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How to Improve Cities After COVID-19: What to Know About the Revitalizing Downtowns Act

In July, Democratic Senators Gary Peters and Debbie Stabenow (along with Democratic  Representatives Dan Kildee, John Larson, and Jimmy Gomez) introduced the Revitalizing Downtowns Act (“The Act”) to Congress. With the goal of reviving urban districts and downtown commerce, the Act would establish a new federal tax credit that encourages property developers to convert unused office space into residential or mixed-use space.

The Act defines an obsolete office structure as a building at least 25 years old, and at least 20 percent of the residential conversion must be dedicated to affordable housing. If these criteria are met, 20 percent of the conversion expenses will be covered by the tax credit. The Act has  growing support from economic development organizations across the country, including the International Downtown Association and the Federal City Council. Together, 37 organizations formed the Revitalize Our Cities coalition, committed to reenergizing downtown spaces and strengthening the U.S. economy.

The Act presents a substantial opportunity to improve American cities of all sizes. Justin P. Weinberg, Partner in Charge at Taft Stettinius & Hollister’s Minneapolis office, said of the Act, “It’s an opportunity to revitalize and reenergize existing spaces. Giving new purpose - and attracting new tenants - to buildings that would otherwise be vacant means more people, customers, and workers to build and sustain a strong community and business district where there wasn’t one before.”

How Can Federal Tax Credits Help Unused Office Space Redevelopment?

With employees still working from home and a permanent return to the office for countless businesses seeming more uncertain as the COVID-19 pandemic continues, many office buildings may remain vacant and unused, leaving downtowns with fewer opportunities for investment and revenue generation.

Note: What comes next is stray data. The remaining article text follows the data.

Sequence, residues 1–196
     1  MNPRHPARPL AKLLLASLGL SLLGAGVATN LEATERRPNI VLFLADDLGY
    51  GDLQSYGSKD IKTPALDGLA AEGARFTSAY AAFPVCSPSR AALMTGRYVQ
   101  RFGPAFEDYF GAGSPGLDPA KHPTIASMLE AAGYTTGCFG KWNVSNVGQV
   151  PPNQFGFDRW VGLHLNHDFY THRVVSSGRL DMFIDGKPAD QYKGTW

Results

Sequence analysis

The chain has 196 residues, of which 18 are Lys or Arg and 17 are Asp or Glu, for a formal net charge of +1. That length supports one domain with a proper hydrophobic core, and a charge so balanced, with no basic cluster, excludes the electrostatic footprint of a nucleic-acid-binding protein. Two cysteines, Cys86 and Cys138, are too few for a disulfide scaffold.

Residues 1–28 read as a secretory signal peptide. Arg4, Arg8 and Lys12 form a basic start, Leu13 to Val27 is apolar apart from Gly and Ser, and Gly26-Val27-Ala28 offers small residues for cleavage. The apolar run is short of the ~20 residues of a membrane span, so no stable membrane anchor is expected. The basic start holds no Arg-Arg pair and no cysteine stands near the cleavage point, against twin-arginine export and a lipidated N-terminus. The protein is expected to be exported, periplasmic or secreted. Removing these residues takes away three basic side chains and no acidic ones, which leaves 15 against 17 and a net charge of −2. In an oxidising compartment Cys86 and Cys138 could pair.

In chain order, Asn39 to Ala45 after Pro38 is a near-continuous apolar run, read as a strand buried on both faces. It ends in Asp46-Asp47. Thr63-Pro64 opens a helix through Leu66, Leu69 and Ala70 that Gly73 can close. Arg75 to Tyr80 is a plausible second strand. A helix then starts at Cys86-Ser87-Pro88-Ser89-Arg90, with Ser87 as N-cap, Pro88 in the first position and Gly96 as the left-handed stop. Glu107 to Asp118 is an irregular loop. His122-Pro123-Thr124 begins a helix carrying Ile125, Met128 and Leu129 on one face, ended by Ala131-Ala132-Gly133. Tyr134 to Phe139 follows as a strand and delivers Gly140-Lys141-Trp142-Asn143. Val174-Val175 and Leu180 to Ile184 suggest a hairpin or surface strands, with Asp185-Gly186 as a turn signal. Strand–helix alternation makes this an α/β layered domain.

“This Act would be huge in encouraging all types of business to invest in downtown markets. It would be most helpful though if the tax credit provided could be used in conjunction with other credits, such as historic tax credits, Low-Income Housing Tax Credits (“LIHTCs”) and/or new markets and also incentivized business owners to open. Residential development works best if it is in conjunction with other retail, services and other amenities and, of course, plenty of parking,” said Kelly Rushin Lewis, partner in Jones Walker’s tax practice and leader of the firm’s tax credit finance team.

For buildings needing a lot of work, tax credits are essential to ensuring the project has the necessary financing. Without them, many projects requiring a lot of renovations and updates may not be able to move forward, Ms. Lewis said.

“Tax incentives are a key tool in attracting private capital in neighborhoods or towns in need of revitalization. These conversions can be much more challenging than building from the ground up, especially if dealing with vacant buildings that may have environmental, zoning, code compliance, or other latent issues that may be expensive to correct. The projects often are just not financially feasible and will not get done without those incentives,” she said. “A credit or some other incentive for potential tenants in the commercial spaces would be helpful – many business owners may be reluctant to be the first or one of few to open in what may be an otherwise quiet downtown. Tax incentives would encourage them to come and hopefully give them a cushion while the neighborhood is being revitalized.”

Another potential impact of the bill would be the increased investment in affordable housing. With many cities large and small struggling to provide enough affordable housing, the Act would create an opportunity to develop vacant buildings into much needed affordable housing developments.